Assure, Ensure, or Insure To assure is to say or promise something with confidence. To ensure is to make certain that something will or won’t happen. To insure is to issue an insurance policy.

  • Correct: I can assure you of his integrity.
  • Incorrect: We want to insure your safety. (Unless you have a financial interest in their safety, you probably don’t want to insure it!)
  • Correct: It’s important to ensure your children are given proper guidance.
  • Correct: It’s important to insure your home against loss.

I or Me Use I when it is the subject of a verb. For example, Jen and I scheduled the training. In that sentence, Jen and I are the subjects of the verb scheduled, so the correct usage is I. Jen and me is incorrect. Use me when it is the object of a verb. The object of a verb typically follows the verb and is affected by or receives some action. For example, Tom sent a gift certificate to Janet and me. In this example, Janet and me are the objects of the verb sent, so me is the correct usage. An easy way to check yourself is to remove the proper nouns from the sentence. In the first example, you would say I scheduled the training, not Me scheduled the training. In the second example, you would say Tom sent a gift certificate to me, not Tom sent a gift certificate to I. Also, remember that I and me go after other nouns and pronouns.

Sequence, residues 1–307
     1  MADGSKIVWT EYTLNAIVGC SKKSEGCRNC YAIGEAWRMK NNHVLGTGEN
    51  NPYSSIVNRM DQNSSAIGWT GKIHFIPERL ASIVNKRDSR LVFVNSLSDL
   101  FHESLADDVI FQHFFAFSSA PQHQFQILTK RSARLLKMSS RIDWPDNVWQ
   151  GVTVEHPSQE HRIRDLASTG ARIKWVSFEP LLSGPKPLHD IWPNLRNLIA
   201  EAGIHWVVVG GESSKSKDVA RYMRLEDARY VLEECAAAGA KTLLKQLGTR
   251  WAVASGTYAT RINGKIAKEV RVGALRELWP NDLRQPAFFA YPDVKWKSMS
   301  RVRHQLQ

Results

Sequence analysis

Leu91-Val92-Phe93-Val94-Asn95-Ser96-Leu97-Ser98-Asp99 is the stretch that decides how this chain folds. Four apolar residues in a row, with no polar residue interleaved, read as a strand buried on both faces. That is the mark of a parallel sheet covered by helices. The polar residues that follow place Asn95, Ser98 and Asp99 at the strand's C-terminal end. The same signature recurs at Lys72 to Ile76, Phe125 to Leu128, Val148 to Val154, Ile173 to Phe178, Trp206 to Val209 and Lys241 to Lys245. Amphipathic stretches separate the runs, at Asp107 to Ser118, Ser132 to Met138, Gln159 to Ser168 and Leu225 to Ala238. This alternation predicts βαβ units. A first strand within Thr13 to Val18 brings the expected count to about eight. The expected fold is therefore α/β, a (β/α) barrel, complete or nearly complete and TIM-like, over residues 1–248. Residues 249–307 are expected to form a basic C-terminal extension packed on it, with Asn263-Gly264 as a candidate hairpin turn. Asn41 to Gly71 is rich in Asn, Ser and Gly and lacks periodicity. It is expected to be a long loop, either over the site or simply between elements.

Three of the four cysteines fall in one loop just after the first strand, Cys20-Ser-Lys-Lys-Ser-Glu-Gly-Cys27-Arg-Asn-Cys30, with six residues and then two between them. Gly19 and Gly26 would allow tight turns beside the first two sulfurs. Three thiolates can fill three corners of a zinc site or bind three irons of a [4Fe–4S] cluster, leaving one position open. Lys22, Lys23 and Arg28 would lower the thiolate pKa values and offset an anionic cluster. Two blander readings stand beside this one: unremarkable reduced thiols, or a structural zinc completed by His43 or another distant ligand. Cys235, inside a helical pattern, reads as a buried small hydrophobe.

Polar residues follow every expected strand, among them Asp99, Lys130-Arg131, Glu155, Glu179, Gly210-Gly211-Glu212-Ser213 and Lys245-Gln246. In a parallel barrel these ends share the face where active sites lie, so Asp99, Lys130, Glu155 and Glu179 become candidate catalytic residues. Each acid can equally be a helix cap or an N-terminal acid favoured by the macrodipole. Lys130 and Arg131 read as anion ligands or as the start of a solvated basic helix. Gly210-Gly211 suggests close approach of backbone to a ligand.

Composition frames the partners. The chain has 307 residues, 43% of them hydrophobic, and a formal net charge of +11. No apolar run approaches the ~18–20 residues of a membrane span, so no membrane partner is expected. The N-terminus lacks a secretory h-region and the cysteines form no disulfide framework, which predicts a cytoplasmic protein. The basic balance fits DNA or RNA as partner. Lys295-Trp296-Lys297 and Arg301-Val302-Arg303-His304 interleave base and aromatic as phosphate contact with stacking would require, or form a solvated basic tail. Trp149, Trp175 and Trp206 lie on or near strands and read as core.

• Correct: Janet and I are excited to see you.
  • Incorrect: We’re excited for you to join Janet and I for the holidays.
  • Correct: Jared and I are getting together tonight after work.
  • Incorrect: Me and Jared are getting together tonight after work.

Its and It’s This is a confusing situation. The thing to remember is that it’s is always a contraction of the words it is or it has. It’s never used to indicate possession. It’s frequently been misused. When misused, its meaning changes.

  • Correct: It’s time to go home.
  • Incorrect: The cat lost it’s hat.
  • Correct: The statue fell off its pedestal.
  • Incorrect: Seattle is known for it’s rain.

Irregardless is not a word. Use it and people will snicker. Just say regardless.

Loose and Lose Loose means not tight. To lose something means it is lost.

Unique means one of a kind. There are no degrees of uniqueness. Something is either unique or it’s not. Don’t say very unique. That’s sort of like being very pregnant. A woman is either pregnant or she’s not.

It’s could have, not could of.

References

  • The Elements of Style by William Strunk, Jr. and E.B. White
  • www.grammarbook.com

October 15, 2016 Note: This post originally referred to grammar nazis instead of grammandoes. I was introduced to the term grammando in a lecture from The Great Courses on grammar by Professor Anne Curzan, Ph.D. The term was coined by Lizzie Skurnick in the March 4, 2012 issue of the New York Times Magazine. I decided to edit this post, replacing grammar nazi with grammando, after reflecting on the atrocities committed by Nazis. I want to keep Nazis and their messed up ideas isolated from the mainstream. Although some may say, “It’s just words.”, words are powerful. Speech can change the course of nations.